Paycheck$ and Politics Newsletter: Issue 20

According to a recent study by the Joint Committee on Educational Adequacy, it will cost $847 million to reform the Arkansas education system and provide an adequate education for the state’s children (not counting the cost of new school facilities). While it’s anybody guess as to how much new tax revenue the legislature will be willing to raise during the December special session on education, most agree that the state needs to make a good faith effort to raise a large of the revenue needed to show compliance with the Arkansas Supreme Court mandate in the Lake View case.

During the 2003 regular session earlier in the year, a broad range of bills were introduced as possible ways to raise new education dollars, including measures that would increase the revenue from personal and corporate income taxes, sales taxes, severance taxes, and property taxes.

Many of these ideas are likely to be considered again when the Arkansas General Assembly meets in its December special session on education reform and financing. Obviously, not all of these options are created equal. They raise different amounts of revenue and affect Arkansas families at different income levels in different ways.

Before reviewing these options, it’s helpful to define what is meant by a “fair” tax system. Historically, a “progressive” tax systems has been regarded as the fairest type of tax system. Under a “progressive’ tax system, the percent of the income you pay in taxes increases as your income increases. A progressive tax system is based on the idea that those with a greater ability to pay contribute a larger share of their income in taxes. In contrast, a regressive system is generally regarded as the least fair. Under a regressive system, low-income families pay a greater percent of their income in taxes than do upper-income families.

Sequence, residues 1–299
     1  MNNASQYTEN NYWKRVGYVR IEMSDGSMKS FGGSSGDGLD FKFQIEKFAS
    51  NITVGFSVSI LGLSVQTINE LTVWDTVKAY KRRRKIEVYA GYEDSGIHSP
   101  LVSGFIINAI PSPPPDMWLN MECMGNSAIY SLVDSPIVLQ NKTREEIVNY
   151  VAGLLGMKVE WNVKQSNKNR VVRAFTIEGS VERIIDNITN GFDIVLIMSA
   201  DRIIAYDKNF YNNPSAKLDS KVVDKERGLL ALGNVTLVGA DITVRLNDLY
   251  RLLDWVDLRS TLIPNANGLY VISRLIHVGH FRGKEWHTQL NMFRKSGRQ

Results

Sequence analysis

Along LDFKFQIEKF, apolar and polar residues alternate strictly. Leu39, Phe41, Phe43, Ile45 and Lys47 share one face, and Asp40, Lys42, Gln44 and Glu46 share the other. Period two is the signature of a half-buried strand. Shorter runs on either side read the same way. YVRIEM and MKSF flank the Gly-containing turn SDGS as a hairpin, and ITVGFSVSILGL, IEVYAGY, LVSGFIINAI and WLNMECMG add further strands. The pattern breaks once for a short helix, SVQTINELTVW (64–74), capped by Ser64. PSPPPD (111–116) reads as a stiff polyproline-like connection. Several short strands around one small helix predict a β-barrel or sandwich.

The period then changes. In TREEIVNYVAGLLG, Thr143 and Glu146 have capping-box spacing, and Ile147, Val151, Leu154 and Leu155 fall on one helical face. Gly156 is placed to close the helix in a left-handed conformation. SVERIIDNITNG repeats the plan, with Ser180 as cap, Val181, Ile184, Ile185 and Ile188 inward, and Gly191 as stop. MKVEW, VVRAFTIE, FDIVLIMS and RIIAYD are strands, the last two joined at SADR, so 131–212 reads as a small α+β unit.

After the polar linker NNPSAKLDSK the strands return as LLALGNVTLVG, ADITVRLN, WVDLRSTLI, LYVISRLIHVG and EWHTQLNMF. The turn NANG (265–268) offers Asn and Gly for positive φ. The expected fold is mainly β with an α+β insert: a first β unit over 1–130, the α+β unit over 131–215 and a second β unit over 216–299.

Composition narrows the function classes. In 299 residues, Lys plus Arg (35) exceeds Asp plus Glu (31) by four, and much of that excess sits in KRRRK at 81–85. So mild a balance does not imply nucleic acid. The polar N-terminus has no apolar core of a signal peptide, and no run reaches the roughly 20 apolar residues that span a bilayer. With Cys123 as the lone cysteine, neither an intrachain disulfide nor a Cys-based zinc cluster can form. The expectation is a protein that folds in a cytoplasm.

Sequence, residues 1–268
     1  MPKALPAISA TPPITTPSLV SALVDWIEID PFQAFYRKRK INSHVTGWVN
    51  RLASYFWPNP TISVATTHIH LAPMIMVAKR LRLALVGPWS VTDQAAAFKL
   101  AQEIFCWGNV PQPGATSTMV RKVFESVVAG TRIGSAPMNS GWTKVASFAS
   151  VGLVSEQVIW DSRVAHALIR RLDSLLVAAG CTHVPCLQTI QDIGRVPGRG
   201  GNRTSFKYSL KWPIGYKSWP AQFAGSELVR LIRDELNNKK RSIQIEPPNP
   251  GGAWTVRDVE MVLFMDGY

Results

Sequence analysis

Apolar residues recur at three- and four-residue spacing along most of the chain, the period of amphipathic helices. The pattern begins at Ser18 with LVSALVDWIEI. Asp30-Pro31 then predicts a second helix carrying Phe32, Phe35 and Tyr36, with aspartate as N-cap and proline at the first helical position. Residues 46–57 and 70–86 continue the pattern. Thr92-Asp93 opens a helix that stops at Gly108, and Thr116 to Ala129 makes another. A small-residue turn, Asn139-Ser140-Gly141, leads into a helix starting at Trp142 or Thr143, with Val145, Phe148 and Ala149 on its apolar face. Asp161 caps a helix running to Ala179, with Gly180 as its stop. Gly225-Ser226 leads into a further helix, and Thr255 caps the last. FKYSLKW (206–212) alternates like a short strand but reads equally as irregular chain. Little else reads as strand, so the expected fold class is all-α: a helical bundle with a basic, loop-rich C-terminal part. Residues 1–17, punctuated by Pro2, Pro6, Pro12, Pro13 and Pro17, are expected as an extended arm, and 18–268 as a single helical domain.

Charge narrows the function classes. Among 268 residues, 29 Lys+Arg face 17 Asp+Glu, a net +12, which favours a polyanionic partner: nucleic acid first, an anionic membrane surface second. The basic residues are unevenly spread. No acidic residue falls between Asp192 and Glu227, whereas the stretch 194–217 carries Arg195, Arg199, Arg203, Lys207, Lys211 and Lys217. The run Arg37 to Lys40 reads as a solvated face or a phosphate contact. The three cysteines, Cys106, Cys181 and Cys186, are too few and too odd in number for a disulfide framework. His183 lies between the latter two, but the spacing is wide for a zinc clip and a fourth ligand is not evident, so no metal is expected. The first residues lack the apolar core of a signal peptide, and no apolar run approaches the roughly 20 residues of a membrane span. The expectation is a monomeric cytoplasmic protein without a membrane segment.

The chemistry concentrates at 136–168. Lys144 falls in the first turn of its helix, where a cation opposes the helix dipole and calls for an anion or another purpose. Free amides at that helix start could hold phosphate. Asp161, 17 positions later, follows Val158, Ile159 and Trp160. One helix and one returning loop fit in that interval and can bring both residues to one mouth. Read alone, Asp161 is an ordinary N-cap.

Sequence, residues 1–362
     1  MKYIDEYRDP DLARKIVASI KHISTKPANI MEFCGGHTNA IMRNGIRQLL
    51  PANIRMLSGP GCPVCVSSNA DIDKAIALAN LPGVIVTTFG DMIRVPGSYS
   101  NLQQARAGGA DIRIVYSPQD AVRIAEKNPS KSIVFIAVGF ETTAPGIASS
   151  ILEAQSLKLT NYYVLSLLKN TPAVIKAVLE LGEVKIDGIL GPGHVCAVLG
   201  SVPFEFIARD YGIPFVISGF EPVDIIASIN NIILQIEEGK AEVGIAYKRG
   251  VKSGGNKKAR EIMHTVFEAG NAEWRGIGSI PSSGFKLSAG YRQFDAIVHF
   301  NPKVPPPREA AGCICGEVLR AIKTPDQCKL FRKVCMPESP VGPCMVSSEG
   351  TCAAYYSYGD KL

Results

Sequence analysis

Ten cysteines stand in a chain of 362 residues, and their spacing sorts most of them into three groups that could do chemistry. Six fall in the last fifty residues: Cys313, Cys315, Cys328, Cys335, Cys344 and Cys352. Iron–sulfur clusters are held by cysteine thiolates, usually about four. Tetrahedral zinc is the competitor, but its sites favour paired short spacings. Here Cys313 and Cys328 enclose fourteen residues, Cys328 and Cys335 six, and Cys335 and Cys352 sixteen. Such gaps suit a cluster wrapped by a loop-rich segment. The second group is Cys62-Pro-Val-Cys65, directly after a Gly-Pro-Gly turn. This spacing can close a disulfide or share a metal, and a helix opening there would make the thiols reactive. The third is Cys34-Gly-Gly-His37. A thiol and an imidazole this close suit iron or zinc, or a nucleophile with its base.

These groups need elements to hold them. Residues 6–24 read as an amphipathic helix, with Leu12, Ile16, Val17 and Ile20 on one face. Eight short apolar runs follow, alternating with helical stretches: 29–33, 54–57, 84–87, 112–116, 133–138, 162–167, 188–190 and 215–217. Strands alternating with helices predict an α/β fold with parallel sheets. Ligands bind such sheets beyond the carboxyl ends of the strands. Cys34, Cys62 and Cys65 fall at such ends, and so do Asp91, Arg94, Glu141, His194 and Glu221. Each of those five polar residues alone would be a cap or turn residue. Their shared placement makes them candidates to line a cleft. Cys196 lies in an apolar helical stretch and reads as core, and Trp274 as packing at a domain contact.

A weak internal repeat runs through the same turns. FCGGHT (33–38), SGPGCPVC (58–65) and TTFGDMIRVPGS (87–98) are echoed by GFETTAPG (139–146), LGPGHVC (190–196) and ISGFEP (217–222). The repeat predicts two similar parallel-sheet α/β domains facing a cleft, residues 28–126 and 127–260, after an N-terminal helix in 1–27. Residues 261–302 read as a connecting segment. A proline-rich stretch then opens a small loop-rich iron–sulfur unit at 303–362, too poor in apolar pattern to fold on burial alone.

Currently the Arkansas tax system is very regressive. As a percent of their income, low- and middle-income families pay more in state and local taxes than the state’s richest families. Low-income families pay 11.3 percent of their annual income in state and local taxes, middle income families pay 10.7 percent, while the top one percent pay only 5.8 percent.

Some proposals, such as increasing the state sales tax rate would place a disproportionate burden on low- and middle-income families and make the tax system more regressive. Others, such as increases in personal and corporate income taxes, would place a higher burden on those with higher incomes and a greater ability to pay and make the tax system more fair and progressive. This issue brief lists 20 progressive ways (or at least more progressive than simply raising the sales tax rate) to pay for education reform and minimize the burden of any tax increases on low- and middle-income families.